(guest blog by Taylor Marsh)
As Josh Marshall said very early this morning, "where are the new faces?" Matt Stoller talks about the fake shake-up, with Jesse Berney adding his take too. The bottom line is that all this talk about White House changes so far is more about moving familiar players around, without anything dramatic being delivered from The Decider.
Frankly, I’ve got my doubts about Rove’s "demotion." For me, Bush and Rove will be tied at the hip until the latter leaves freely or by force. The bottom line is that Deadeye is still there. Donald Rumsfeld isn’t going anywhere, at least not yet, with Rove in full campaign mode, where he always does the most damage to Democrats. Remember, a cornered animal is always most dangerous: Rove’s perceived demotion, his power perceived as usurped, with him back on the campaign trail where he can give us fits, is where we now find Rove, with something to prove at this point. His president has plummeted, with investigations looming in the not too distant future if he fails. The president and Karl Rove are in "survival mode."
On that score, many people who know the administration best are privately dubious. Presidents, more than chiefs of staff, determine how White Houses operate, they said, noting that Bush has shown that he prefers a tight circle of advisers and does not welcome the advice of outsiders. As Bush put it on Monday, in asserting that he would not fire Defense Secretary Donald H. Rumsfeld, "I’m the decider, and I decide what’s best."
Rove’s return to a role that closely mirrors that which he played in Bush’s first term demonstrates how much this White House has now shifted to survival mode — and how far events have pushed the president from the grand ambitions with which he opened his second term just 15 months ago.
Then, with Rove as the animating force, the president sought to engineer Republican political dominance by remaking government with such far-reaching initiatives as his plan to remake the Social Security program. Today, Social Security stands as Exhibit A of what went wrong domestically in 2005.
However, something else popped up today that really piqued my interest. Scotty’s ticked.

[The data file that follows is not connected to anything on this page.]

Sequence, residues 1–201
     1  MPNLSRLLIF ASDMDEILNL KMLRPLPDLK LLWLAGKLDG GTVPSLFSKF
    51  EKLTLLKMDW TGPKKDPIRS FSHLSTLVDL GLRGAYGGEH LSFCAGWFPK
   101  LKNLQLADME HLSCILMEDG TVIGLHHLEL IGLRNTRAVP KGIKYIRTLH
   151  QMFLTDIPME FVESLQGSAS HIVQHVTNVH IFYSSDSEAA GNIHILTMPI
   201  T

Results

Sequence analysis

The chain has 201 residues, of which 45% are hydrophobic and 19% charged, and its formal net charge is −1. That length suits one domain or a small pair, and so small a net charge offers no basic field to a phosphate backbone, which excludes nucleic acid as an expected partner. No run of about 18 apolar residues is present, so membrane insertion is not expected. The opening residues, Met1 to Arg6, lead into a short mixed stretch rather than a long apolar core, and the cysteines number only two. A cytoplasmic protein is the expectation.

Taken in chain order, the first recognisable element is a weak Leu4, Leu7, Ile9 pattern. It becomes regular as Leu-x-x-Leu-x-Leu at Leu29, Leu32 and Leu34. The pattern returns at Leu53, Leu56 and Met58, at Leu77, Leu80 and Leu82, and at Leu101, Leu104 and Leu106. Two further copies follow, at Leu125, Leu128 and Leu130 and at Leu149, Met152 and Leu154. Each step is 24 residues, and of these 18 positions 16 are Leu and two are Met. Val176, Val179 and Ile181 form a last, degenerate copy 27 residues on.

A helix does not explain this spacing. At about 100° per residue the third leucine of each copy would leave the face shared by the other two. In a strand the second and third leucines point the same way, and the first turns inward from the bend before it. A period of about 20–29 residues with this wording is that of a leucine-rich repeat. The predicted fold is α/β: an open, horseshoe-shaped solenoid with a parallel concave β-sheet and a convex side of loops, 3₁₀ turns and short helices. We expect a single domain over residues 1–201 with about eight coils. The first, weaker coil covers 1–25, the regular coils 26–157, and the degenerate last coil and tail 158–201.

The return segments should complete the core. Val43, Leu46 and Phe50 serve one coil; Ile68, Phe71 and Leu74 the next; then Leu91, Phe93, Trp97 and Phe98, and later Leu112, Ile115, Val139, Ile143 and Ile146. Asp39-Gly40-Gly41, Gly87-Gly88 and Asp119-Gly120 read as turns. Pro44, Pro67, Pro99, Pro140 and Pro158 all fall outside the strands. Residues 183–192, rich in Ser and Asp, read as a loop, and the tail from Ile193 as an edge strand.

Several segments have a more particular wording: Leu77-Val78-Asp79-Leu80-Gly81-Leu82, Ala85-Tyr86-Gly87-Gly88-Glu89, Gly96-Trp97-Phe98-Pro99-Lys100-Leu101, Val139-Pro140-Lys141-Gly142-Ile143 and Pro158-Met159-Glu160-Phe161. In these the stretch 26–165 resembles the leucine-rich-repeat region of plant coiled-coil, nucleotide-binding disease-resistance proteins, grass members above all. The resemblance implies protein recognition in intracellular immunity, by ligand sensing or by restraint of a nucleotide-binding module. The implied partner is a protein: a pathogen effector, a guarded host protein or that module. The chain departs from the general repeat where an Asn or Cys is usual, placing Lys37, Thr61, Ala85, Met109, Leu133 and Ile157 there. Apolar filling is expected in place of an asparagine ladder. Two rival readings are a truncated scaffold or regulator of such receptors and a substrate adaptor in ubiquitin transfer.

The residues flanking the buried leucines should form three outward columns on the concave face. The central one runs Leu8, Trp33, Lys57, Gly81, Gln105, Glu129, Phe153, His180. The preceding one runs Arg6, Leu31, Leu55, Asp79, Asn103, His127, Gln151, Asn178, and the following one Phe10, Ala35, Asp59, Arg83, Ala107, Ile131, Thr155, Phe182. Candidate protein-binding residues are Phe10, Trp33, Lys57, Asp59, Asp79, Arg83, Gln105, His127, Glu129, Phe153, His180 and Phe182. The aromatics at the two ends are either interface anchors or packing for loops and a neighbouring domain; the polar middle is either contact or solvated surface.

Evidently, McClellan doesn’t like what went down over the Plame affair and isn’t happy with some of the happenings inside the White House inner circle. Specifically, having to eat Libby’s dirt and Karl’s crap over the misinformation Scotty was sent out to spread regarding Valerie Plame. This bit of information is positively dishy delicious.
In any event, McClellan apparently has let it be known that he is a little dissatisfied with some people himself. In a later segment on "Dayside," Texas author Wayne Slater, author of Bush’s Brain, was interviewed about the news that Karl Rove would no longer be a policy adviser to Bush.
Instead of confining himself to that topic, Slater went off onto McClellan, who also is from Texas, saying, "I know for a fact back here in Texas from talking to members of the McClellan family that they weren’t very happy about what happened when Scott was sent out, they believe by Rove and Libby, to say that Rove and Libby had nothing to do with the Valerie Plame affair when in fact they were involved in some capacity. … He felt that damaged his credibility. You aren’t going to hear Scott talk about that, but that’s fact."
Why telling a lie about something like that would bother McClellan when he has told so many others is beyond me, except for the fact of that little old grand jury investigating pending out there. Was McClellan participating in the cover-up and is he under suspicion for that? Inquiring minds want to know whether Bush just wanted to remove another potential indictee from his inner circle.
Slater, who wrote Bush’s Brain has something else to say on the Rove front. He disagrees that it’s not a big deal. According to Slater, who knows the terrain by heart, the fact that Rove isn’t handling policy matters anymore is a definite power "loss." As for how that shakes out for Democrats, I’d say Mr. Rove is likely to take his fury out on us. Scorched earth, circa 2006, here we come.